Tuesday’s council meeting will be the final council meeting before about a six-week break for the summer. We are also now about a year into Robb Davis’ term as mayor of Davis. In less than two weeks, the Vanguard will turn 11 years old which gives us some insight into how this council compares to its predecessors.
My view is so far this is one of the better councils we have had over the last decade-plus. The most enduring legacy, I think, is the true commitment to conflict resolution.
That tone has clearly been set by Mayor Robb Davis. I remember when I first really met Robb Davis – I had known him a bit before, but it was late November 2011, the pepper spray incident had just occurred, and he, David Breaux and Kristin Stoneking came to the Human Relations Commission (HRC) with an idea of a restorative justice process for the university and the pepper spray victims.
While I was skeptical at first, his passion and conviction won me over and made me a quick convert to restorative justice as a means of conflict resolution and ultimately criminal justice reform.
Ultimately, that venture failed due to legal concerns by the university, but it set the stage for the ongoing work that has been done by Mayor Robb Davis on behalf of conflict resolution.
It hasn’t always been a smooth process. The first chance we had to see this at work resulted in the Gandhi debate, about which a lot of people were critical. But slowly but surely, I have observed that not only have we had success in conflict resolution in areas we would not have expected, but the leadership of Robb Davis has carried over to his colleagues and been successful.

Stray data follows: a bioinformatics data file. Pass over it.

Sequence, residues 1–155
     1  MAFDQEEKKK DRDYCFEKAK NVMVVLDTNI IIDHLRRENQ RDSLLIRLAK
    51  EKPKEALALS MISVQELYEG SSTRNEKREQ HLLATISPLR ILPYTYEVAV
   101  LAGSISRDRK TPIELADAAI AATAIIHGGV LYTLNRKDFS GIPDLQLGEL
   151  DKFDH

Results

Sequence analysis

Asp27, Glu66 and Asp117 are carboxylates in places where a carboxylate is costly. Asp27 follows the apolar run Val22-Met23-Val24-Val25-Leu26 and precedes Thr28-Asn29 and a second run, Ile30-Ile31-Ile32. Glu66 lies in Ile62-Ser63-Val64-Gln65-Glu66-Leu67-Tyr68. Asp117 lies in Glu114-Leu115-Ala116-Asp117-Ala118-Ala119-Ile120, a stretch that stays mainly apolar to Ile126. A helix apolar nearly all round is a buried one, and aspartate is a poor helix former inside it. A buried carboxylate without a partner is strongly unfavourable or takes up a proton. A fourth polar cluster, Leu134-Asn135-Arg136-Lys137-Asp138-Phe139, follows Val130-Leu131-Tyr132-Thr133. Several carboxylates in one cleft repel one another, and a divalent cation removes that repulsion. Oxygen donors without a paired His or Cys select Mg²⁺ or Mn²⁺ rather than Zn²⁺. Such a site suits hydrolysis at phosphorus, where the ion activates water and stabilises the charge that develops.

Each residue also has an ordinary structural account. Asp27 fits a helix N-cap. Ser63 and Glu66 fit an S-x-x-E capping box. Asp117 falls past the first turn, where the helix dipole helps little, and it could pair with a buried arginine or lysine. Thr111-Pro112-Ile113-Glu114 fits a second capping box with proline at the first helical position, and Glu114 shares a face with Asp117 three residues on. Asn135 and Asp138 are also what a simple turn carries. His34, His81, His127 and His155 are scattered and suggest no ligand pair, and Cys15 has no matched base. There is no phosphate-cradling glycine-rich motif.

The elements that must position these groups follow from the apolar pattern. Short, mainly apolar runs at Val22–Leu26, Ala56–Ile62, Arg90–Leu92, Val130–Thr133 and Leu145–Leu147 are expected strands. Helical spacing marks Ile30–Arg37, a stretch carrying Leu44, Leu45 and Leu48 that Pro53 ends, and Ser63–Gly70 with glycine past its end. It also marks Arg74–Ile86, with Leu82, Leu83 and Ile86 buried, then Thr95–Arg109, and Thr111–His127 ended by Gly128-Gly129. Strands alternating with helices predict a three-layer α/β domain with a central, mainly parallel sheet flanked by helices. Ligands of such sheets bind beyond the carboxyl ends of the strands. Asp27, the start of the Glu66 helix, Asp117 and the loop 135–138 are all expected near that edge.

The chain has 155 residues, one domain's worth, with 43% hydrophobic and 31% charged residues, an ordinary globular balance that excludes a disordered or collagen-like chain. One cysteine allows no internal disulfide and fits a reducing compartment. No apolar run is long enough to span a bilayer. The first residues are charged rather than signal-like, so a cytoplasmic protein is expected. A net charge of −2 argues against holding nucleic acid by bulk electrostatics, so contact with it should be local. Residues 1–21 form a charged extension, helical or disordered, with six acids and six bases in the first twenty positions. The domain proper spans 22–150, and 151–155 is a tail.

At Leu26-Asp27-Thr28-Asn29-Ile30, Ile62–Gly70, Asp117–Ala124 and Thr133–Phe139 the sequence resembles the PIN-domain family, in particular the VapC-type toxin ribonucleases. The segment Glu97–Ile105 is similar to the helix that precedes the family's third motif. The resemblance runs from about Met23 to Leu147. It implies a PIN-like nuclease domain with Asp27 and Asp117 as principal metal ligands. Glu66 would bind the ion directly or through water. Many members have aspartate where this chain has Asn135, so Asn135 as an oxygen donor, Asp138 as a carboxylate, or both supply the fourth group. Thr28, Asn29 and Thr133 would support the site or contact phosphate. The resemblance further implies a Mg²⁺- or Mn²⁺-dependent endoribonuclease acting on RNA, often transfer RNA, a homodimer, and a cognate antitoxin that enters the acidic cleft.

A good example is the Hyatt House. The council seemed to have the votes to approve the Hyatt House project as proposed last fall. However, it was Councilmember Will Arnold who suggested that the neighbors and applicants do one more round of facilitated discussions to see if there could be common ground.
As it turned out, the process pushed the approval of the project out several months, but ultimately resulted in an agreement between the neighbors and developers that cleared the way for approval of the project without further opposition from the neighborhood.
It was a remarkable accomplishment, given how much angst had occurred in the community over this issue previously.
But it demonstrated two things – one, the commitment of the council to conflict resolution. And second, it showed a marked change from the tactics of the council that was in power when I first began the Vanguard. From July 2006 until July 2010, the Davis City Council was divided into two blocks – the council majority of Ruth Asmundson, Don Saylor and Stephen Souza, and the council minority of Sue Greenwald and Lamar Heystek.
On most major policy issues the vote was 3-2 along those lines of demarcation. The council majority had the votes and would often ram things through over the objections of neighbors and community members with little regard for the polarization that they were creating.
This council is different. There have been multiple occasions when it has gone out of its way to make sure that, even when they have voted against a given interest, those viewpoints are heard and valued.